The fourth of Iyar, the day preceding Israel’s Independence Day, was declared by the Israeli parliament to be Yom Hazikaron, a Memorial Day for those who lost their lives in the struggle that led to the establishment of the State of Israel. This year it starts at sundown April 17.
Andi Arnovitz created a series Mothers and Sons. The image below shows a paratrooper bound to his mother with a red umbilical cord.
Israel’s Independence Day, Yom Ha’atzmaut, is celebrated the next day, which is the Hebrew date of the establishment of the State of Israel in 1948. In 2018, it begins at sundown on April 18.
Ruth Schreiber created an art installation Balfour at 100, which was featured at the Jerusalem Biennale 2017, in an exhibit curated by Ram Ozeri. The Balfour Declaration was a public statement issued by the British government during World War I announcing support for the establishment of a “national home for the Jewish people”, precursor to the establishment of the state of Israel.
Schreiber’s art statement:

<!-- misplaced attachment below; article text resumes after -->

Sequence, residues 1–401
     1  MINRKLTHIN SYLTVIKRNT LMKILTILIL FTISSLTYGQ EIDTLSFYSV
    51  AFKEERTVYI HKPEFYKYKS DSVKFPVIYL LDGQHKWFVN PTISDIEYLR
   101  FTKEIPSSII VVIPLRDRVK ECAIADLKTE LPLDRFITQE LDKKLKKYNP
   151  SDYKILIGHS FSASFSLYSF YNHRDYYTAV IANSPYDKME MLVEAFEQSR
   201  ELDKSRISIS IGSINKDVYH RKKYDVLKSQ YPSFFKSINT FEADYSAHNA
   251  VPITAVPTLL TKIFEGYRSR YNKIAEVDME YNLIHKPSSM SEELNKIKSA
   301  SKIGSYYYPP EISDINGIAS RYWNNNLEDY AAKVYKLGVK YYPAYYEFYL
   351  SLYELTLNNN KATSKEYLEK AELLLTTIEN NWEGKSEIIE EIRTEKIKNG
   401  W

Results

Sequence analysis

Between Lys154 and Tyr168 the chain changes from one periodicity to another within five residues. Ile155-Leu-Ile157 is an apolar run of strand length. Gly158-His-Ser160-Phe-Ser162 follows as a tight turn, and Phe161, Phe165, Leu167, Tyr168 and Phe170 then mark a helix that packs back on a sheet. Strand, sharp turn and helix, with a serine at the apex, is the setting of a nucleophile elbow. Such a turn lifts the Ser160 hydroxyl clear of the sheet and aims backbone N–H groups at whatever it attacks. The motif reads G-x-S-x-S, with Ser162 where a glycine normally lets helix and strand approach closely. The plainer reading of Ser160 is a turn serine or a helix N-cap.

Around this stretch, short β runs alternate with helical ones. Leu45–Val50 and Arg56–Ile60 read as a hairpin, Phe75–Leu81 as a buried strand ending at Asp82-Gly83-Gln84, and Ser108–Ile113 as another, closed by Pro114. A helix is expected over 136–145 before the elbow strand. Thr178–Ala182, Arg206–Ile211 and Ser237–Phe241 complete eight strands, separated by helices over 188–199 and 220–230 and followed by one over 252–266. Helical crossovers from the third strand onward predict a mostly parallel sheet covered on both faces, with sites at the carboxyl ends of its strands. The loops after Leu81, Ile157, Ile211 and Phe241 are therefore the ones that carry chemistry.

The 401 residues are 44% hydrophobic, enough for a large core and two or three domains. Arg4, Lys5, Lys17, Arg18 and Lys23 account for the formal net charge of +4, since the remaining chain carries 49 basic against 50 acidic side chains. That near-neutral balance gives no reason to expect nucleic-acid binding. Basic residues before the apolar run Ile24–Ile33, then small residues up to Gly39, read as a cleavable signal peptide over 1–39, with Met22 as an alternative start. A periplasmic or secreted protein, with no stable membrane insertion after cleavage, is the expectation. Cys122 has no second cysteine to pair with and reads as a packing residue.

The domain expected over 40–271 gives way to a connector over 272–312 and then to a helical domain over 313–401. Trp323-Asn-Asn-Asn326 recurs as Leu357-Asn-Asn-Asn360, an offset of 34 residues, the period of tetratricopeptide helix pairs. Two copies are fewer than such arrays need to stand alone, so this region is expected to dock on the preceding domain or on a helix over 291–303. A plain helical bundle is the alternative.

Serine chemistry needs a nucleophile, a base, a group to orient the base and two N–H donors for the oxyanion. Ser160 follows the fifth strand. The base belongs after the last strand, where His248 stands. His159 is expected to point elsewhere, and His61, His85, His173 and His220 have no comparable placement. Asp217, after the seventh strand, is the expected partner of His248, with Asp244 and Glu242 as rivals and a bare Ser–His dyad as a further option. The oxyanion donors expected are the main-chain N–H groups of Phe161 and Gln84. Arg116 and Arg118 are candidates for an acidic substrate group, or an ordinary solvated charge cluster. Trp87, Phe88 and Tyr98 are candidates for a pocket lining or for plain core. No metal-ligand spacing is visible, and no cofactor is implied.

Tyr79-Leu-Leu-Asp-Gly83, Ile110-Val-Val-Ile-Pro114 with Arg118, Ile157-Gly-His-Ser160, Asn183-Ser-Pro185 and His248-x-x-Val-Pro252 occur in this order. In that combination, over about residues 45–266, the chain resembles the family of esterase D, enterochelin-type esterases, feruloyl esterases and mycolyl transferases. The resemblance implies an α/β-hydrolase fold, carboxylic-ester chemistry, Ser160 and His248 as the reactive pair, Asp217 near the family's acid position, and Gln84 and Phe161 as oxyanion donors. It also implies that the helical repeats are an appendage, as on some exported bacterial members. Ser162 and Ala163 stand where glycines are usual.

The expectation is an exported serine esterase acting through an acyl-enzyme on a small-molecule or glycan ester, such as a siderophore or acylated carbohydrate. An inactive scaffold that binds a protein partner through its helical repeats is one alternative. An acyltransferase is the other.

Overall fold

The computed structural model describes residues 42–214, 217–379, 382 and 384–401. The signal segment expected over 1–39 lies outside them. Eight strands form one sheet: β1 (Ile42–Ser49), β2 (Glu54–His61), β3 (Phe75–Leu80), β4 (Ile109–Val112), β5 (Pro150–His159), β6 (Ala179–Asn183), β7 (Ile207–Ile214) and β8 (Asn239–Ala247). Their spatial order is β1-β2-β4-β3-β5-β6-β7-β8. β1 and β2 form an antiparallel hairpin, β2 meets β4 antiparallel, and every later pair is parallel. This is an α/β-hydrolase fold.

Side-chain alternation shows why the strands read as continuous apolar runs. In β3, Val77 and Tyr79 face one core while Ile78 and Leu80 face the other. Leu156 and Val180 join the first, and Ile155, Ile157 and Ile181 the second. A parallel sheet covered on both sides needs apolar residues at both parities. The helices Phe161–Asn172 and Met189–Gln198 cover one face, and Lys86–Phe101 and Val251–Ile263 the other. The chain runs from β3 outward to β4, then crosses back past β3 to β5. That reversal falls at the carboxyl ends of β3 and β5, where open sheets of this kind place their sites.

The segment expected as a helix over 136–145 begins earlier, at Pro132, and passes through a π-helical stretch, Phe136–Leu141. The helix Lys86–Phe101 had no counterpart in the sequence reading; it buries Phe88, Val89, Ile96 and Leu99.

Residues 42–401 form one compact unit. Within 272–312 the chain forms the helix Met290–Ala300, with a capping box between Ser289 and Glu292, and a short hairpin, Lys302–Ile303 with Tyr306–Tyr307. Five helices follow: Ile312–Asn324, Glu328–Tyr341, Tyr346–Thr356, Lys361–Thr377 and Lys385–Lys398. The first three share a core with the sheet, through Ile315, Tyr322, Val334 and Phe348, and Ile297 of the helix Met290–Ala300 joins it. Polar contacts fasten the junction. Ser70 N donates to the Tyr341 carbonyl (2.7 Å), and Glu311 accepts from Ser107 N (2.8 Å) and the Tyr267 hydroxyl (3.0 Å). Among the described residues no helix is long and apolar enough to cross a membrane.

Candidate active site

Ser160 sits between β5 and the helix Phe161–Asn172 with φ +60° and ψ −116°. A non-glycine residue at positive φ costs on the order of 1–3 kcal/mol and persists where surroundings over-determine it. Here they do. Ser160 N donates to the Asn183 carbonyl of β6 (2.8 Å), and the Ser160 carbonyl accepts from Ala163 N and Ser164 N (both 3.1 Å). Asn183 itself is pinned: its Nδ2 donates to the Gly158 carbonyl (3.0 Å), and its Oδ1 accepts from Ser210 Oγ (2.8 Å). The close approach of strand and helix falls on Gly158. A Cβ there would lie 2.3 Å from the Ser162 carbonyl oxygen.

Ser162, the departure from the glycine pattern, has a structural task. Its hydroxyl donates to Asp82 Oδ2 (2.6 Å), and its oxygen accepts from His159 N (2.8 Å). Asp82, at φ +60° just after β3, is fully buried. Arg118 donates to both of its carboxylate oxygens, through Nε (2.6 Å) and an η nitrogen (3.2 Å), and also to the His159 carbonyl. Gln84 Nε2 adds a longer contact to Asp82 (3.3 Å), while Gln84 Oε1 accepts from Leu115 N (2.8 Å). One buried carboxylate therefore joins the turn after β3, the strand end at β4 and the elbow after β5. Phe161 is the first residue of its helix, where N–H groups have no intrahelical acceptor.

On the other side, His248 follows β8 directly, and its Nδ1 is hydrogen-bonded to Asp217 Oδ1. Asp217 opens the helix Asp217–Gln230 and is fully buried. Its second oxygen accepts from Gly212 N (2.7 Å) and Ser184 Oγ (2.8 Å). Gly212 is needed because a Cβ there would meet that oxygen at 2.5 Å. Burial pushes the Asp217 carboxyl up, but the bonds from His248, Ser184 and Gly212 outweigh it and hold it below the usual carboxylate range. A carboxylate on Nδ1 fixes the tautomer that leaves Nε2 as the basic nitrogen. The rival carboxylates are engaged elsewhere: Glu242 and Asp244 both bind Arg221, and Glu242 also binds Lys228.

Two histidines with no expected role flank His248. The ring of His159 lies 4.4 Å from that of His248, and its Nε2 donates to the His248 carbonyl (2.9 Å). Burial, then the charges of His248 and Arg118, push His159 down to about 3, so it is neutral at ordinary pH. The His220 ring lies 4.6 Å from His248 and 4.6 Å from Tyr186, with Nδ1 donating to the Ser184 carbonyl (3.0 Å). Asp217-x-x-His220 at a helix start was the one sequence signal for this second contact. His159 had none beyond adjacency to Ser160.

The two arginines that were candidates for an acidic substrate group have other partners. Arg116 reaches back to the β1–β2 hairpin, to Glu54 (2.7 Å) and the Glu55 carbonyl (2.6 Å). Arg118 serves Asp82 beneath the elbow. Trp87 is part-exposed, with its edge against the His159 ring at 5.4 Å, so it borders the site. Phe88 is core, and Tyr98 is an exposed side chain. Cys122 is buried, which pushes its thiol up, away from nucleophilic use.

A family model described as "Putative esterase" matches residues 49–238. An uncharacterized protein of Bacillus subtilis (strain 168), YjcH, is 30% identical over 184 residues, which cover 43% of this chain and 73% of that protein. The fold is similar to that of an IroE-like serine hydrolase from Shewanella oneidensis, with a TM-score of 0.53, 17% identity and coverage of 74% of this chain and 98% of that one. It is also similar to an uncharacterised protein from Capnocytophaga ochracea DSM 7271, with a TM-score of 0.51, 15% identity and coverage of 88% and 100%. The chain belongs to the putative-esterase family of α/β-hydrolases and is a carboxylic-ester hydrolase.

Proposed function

“Screened in a darkened space, this 5 minute video installation is focused on the actual letter of the Balfour Declaration dated November 2nd, 1917. An image of the original letter scrolls slowly down a gauze curtain and continues onto the floor, where the words are reversed, as the text is read aloud all the while.
There are 3 iterations. After the first, a series of images of Lord Balfour is projected. Then the letter reappears followed by images of the coats of arms of the British Foreign Office and of Lord Rothschild. Finally, after the third reading, several images of Lord Rothschild are screened. This sequence then repeats, on a loop.
My hope is that this rendering will give the viewer pause to consider this important historic watershed and its many significant ramifications.”
Joining these two days together conveys a simple message: Israelis owe the independence and the very existence of the Jewish state to the soldiers who sacrificed their lives for it.
More works by the artists.